1. Installing a low-flow extraction system or carrying out a one-time extraction of the higher concentrations of tritium at the front of the High Flux Beam Reactor.
2. Enhancing monitoring efforts and continuing operation of the current pump-and-recharge system.
3. Shutting down the current pump-and-recharge system and employing natural attenuation and monitoring to ensure drinking water standards are reached.
All of the strontium-90 and tritium alternatives described above are intended to prevent contamination above the drinking water standard from moving off site.
Public Input Important
The final remedies chosen for the contamination could be any one or a combination of the above options, depending on the results of technical evaluations and input received from the public and regulatory agencies like the EPA and DEC. No matter which option is eventually chosen, the Lab will continue its aggressive groundwater monitoring effort to ensure the remedy remains effective over time.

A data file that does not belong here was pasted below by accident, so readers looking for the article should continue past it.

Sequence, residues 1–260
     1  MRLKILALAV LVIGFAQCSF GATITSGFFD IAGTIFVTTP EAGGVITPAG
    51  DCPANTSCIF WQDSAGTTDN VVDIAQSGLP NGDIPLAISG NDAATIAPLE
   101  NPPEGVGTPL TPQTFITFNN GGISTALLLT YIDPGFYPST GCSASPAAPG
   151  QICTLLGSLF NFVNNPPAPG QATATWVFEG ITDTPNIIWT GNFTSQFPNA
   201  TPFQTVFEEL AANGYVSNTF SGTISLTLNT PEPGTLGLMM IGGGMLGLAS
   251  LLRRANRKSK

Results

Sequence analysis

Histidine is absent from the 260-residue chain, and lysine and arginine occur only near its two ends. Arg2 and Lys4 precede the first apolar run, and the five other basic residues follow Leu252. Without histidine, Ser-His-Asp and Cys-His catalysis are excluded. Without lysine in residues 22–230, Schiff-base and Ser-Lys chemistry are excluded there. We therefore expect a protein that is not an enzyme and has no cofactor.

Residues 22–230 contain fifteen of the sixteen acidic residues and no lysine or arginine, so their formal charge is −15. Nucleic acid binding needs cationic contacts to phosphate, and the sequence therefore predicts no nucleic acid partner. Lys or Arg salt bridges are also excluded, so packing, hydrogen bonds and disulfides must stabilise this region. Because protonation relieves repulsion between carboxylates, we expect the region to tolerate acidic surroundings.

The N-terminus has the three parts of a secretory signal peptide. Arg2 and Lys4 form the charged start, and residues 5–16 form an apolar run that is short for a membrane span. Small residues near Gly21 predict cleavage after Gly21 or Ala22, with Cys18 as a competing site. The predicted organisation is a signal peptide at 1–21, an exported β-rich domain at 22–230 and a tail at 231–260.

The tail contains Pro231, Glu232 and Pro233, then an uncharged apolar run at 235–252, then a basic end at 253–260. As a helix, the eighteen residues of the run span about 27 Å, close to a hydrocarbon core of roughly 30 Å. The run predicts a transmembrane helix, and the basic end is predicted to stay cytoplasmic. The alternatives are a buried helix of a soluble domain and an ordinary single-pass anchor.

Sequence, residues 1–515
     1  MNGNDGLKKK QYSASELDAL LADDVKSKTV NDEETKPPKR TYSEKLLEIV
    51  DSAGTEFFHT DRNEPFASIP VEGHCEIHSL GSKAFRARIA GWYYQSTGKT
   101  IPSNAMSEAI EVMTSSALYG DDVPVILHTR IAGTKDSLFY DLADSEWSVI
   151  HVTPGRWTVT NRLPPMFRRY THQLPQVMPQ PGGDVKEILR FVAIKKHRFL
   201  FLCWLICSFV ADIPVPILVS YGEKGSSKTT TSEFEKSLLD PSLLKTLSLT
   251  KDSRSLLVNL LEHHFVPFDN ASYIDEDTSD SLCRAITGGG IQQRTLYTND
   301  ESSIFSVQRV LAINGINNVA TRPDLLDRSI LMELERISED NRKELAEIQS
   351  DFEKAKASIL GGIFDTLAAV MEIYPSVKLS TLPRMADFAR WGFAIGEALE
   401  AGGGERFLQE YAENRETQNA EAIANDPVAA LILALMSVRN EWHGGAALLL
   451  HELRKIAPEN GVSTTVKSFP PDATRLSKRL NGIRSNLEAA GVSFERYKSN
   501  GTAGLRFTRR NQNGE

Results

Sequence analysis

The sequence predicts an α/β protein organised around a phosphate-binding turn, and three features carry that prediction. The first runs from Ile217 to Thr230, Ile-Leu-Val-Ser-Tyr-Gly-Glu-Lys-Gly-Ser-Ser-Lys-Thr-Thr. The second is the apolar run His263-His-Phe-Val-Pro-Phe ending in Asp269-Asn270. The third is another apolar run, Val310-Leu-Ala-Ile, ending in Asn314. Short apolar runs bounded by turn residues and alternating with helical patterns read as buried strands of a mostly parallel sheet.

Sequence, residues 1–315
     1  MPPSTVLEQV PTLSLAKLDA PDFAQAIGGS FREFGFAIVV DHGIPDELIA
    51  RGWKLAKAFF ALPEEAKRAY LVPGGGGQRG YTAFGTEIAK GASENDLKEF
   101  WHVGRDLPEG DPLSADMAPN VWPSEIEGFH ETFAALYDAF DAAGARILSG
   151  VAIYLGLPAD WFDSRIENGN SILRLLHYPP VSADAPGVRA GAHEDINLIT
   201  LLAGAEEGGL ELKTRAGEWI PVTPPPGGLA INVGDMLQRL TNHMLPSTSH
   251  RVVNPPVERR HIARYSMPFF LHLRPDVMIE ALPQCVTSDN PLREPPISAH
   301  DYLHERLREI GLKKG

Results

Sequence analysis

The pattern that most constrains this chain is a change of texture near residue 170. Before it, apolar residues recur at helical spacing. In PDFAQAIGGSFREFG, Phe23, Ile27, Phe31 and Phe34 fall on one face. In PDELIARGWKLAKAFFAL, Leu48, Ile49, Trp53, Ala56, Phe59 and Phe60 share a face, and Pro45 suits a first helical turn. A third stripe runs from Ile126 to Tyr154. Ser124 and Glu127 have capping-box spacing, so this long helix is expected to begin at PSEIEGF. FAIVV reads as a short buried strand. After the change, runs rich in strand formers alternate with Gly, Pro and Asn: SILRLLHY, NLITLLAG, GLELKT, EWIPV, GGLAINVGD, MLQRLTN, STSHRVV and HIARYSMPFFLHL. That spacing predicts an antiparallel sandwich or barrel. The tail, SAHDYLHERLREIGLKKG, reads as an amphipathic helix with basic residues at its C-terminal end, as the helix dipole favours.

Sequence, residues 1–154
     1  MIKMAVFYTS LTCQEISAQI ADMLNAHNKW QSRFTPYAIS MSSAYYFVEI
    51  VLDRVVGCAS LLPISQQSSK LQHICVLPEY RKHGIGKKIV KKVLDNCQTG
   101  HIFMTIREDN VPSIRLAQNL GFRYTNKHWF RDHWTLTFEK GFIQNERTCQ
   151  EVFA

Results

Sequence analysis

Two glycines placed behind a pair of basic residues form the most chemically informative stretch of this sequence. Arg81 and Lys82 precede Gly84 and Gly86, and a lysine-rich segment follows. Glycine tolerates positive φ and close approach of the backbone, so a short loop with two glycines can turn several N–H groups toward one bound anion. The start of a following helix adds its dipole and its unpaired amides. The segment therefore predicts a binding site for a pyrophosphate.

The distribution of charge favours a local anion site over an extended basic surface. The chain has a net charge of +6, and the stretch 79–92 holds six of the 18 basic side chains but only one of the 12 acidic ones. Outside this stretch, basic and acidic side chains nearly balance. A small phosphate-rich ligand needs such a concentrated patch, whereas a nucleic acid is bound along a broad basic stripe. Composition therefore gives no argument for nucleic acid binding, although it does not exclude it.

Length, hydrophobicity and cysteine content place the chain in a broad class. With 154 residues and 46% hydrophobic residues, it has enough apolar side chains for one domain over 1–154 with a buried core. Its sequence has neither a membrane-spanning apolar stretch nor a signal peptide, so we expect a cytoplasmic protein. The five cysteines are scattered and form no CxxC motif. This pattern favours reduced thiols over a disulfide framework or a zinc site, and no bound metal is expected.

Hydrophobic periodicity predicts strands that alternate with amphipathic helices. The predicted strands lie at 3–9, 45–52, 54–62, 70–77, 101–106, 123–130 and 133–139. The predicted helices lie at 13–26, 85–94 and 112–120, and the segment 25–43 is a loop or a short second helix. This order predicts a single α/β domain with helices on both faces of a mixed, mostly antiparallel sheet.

This fall, BNL and DOE staff will be holding a community workshop. Members of the BNL and DOE project team will be on hand to present information about the contamination and proposed cleanup options, and to solicit input from the public.
Information and Contacts
The public is encouraged to review the proposed cleanup options and submit comments. Comments may be mailed to:
U.S. Department of Energy-Brookhaven Group
P.O. Box 5000
Upton, NY 11973
For more information about this or other Superfund projects at BNL, contact:
Eloise Gmur or Peter Genzer
Environmental Restoration Division
Brookhaven National Laboratory
516-344-6336 or -3174
For information about the role of regulatory agencies in this project, contact:
Community and Goverment Relations Manager
U.S. Department of Energy-Brookhaven Group
U.S. Environmental Protection Agency
New York State Dept. of Environmental Conservation
Reports on the activities of BNL's Environmental Restoration Division are available at the reference desks at area libraries.